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What is the best way to formalize the process of hiring and setting salary for a family member?
LIZ WALTERS: Off the top of my head, I can think of four things that we did. The first thing was to create job descriptions. I was the only staff member to begin with, but we also created a job description for board members. Many foundations also have a separate job description for the chair of the Board. We had new family members joining the board, learning about family foundations, and learning about their new role of governance. Having these job descriptions really helped us clarify the different roles of board and staff and how we would work together. So we did do that from the beginning.
SARAH CAVANAUGH: We have a formal process of review. It’s called a 360 and it involves gathering feedback from everyone you work with who might have information that can inform the work you do. This approach requires that you interview grantees, family members and other colleagues in the field. It requires going outside the family as well as talking with those within the family to do the evaluation. When done right, it gives you a much broader picture, and can diffuse the dynamic of, “Mom’s only going to say nice things about me.” You really need to go outside of those family relationships to find the useful nuggets of information.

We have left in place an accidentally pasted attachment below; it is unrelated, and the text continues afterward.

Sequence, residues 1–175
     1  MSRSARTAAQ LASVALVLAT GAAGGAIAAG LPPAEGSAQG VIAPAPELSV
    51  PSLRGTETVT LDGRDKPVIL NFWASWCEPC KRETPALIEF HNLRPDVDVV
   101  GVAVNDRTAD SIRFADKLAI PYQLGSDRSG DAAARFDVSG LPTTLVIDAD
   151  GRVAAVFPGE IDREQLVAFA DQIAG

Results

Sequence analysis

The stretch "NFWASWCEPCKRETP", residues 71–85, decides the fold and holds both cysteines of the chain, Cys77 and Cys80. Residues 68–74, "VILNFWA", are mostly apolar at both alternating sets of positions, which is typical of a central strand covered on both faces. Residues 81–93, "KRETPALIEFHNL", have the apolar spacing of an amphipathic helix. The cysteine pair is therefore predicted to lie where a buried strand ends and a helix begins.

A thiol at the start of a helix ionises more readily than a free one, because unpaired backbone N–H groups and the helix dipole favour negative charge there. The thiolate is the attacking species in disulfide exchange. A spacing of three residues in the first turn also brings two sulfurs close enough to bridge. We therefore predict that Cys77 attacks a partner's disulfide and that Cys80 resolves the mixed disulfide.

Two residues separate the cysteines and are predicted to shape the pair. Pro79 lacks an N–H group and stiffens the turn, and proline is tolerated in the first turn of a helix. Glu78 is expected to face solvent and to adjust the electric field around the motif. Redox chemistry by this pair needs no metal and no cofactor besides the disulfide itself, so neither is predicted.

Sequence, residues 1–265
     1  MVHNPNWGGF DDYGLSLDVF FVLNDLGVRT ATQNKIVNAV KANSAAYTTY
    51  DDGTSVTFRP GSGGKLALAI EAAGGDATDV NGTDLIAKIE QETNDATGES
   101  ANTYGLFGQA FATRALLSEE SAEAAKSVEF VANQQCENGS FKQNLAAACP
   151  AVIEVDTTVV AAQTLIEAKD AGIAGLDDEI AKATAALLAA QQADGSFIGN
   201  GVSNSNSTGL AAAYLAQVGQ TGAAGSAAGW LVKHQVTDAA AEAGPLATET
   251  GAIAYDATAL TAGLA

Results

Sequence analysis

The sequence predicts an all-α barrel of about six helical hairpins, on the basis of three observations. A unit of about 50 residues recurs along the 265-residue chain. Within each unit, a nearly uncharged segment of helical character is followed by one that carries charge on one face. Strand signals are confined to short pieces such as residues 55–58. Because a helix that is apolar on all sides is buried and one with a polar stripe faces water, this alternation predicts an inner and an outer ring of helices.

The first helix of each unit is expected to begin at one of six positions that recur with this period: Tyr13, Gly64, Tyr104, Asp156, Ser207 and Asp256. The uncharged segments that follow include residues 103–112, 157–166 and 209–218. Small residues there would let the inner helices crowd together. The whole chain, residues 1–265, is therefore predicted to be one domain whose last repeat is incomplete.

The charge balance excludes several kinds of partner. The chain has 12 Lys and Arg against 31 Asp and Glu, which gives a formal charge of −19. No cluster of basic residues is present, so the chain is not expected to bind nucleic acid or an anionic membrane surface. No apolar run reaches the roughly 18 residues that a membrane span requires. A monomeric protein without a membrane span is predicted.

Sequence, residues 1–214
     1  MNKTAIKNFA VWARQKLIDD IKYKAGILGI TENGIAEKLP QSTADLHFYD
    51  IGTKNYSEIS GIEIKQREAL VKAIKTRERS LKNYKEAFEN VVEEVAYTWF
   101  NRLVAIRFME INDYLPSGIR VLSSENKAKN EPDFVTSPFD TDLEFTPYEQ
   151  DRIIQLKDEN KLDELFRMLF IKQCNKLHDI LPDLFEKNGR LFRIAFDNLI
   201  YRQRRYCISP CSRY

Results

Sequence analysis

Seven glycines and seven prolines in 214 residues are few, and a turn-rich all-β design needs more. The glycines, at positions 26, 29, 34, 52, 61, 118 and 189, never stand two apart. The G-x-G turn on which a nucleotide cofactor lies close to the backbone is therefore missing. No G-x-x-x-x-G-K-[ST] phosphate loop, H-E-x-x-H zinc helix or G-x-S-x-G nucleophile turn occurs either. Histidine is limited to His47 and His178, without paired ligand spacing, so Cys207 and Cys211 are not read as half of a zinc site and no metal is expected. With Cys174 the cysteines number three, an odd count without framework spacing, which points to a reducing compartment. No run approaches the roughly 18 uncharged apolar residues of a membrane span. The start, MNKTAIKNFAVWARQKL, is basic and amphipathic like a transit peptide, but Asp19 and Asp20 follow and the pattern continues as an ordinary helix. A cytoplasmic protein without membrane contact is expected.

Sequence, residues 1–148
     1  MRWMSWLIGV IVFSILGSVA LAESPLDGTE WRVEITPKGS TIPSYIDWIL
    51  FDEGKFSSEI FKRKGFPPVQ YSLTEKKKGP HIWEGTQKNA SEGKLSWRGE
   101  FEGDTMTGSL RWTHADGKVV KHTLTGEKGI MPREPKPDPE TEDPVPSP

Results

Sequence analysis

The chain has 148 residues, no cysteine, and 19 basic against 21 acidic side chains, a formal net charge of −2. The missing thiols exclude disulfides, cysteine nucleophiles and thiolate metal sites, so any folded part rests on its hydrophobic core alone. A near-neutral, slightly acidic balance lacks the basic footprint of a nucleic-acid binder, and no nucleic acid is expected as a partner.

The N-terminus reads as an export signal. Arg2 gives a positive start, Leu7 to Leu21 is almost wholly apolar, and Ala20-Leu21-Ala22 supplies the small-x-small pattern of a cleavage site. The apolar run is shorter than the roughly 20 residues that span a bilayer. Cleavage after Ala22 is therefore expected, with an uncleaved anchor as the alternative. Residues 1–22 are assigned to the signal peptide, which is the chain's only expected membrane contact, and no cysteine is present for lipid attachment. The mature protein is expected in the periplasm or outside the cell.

Read the full interview with Liz Walters and Sarah Cavanaugh about family members as staff at the National Center for Family Philanthropy.